AI: Coming Out Digitally


In my entire family, my sister is the one person I am completely sure would be completely okay with my queerness (perhaps she would even find it awesome), and since she’s also one of my best friends, she’s the one person I really, really want to come out to. The problem is, she lives 800km (google says: about 500 miles) away.

We’re incredibly close, and she has all the right ideas that would make me want to be close to her even if we weren’t sisters. Every time we talk, I contemplate telling her over the phone, or via facebook or email, and never do because it seems so inappropriate.

So I wanted to ask, and this is a simple question:

What do you figure is the best way to come out to someone you love and who is so far away?

The Afternoon Inqueery (or AI) is a question posed to you, the Queereka community. Look for it to appear on Tuesdays, Thursdays and Sundays at 3pm ET.

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  1. I’ve come out to several people via instant messenger (whether MSN or Facebook) and I have to say I kind of prefer it to face-to-face. There’s time to think out exactly what you’re going to put into words and to respond calmly and really take everything in. I also treasure having a record of a couple of these conversations, including one where I spilled out months of secrets (including the fact that I was in a poly relationship) all at once and then told her that she was free to make any judgy comments at that point and she just said “You know I’d never judge you”

    So yeah, I recommend that.

  2. I came out digitally as trans to my parents, family, and nearly all of my friends. Simple reason: they also live hundreds of kilometres from me. I came out over the phone with a couple, though.

    It was a compromise: I’d prefer to do it in person, but sometimes it’s just not feasible. For my parents, I wrote a 4 page letter. I wanted a letter because it was the medium that gave me the most control over saying exactly what I wanted to (I’m a writer). I think that chat is too informal for family, and even very close friends, though I think there’s definitely some gray area.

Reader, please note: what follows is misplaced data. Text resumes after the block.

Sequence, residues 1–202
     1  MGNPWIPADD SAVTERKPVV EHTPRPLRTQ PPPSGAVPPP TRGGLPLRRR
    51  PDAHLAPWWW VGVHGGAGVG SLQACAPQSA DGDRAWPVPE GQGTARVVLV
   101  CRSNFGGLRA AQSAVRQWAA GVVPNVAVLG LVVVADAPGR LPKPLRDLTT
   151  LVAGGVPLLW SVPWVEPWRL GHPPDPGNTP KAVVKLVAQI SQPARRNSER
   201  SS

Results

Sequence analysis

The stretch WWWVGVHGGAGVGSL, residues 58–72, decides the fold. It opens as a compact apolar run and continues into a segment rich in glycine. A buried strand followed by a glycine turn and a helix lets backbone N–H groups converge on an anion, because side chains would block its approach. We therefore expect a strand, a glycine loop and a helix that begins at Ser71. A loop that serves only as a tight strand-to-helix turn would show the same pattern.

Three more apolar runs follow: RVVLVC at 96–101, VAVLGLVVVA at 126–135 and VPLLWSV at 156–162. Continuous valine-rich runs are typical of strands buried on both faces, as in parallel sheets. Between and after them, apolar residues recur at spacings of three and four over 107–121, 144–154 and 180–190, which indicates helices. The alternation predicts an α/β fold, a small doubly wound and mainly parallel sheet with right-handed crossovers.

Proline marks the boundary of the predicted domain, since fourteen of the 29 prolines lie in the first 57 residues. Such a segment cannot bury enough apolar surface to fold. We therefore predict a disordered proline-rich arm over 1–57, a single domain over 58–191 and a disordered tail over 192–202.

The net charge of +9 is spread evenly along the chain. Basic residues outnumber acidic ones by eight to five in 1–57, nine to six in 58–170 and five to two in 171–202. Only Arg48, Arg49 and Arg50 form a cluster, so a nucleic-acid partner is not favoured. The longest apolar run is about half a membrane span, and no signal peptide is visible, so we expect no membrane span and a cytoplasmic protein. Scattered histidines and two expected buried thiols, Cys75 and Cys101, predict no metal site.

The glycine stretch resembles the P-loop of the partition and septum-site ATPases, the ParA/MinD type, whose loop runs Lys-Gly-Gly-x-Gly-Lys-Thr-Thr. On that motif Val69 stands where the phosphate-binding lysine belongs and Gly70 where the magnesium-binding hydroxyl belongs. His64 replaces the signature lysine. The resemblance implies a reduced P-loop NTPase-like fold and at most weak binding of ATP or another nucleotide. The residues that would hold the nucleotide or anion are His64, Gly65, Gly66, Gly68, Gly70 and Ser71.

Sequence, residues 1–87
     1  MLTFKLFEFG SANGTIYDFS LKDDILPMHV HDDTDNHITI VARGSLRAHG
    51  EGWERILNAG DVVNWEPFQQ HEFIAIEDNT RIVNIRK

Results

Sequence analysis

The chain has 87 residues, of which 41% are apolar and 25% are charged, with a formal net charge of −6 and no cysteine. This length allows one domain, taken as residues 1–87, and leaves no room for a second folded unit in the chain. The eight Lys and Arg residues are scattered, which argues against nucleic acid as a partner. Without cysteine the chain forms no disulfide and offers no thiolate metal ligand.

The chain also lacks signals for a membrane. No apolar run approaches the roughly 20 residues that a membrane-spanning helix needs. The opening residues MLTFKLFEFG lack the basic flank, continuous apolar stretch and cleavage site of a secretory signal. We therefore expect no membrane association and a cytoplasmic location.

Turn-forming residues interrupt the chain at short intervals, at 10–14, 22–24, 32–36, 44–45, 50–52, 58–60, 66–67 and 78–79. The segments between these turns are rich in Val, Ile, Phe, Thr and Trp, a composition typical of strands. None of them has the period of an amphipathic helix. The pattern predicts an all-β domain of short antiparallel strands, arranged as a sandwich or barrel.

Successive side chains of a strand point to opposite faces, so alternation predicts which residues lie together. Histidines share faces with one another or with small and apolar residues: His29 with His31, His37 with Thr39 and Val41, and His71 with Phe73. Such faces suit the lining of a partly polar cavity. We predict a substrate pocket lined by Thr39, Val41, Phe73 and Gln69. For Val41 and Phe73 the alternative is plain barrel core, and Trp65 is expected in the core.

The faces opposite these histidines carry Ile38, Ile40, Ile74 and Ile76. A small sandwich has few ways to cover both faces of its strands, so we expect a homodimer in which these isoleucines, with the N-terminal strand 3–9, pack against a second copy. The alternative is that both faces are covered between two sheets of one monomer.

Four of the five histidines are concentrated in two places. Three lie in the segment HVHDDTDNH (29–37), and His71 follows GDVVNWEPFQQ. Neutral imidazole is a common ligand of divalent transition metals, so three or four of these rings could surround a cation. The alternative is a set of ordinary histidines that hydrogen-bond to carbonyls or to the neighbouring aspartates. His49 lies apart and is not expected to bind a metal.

However, I followed up the letter to my parents with a phone call, which I think is critical. There needs to be dialogue, and they need to hear your voice (and you theirs!).

    My blog ( will discuss the first part of my coming out story this weekend.


  3. I’ve come out to people via letter or email before. For me, the benefits were I could think about what I wanted to say and how to express that. It also allowed them to process the information at their own pace. Both times, I ended the letter saying that they could call me with any questions, reactions, whatever. And we did end up talking about it over the phone.
    Sometime’s it’s better not to have the first conversation face to face. It all depends on the people involved and their relationship.

  4. I also have a close relationship to my sister, who was living 2500 miles away at the time. I phoned her eventually but had tyrouble bringing up the subject. We are so sympatico she knew something was going on, so she asked me what was up.

    I then blurted out to hewr “Mary, I’m gay.”

    Without pausing to inhale or anything she said “Stephen, I love you and if there is somebody else that loves you I love them too.”

    My point is that in most cases the apprehension isa much worse than the experience of coming out.

    Best wishes.

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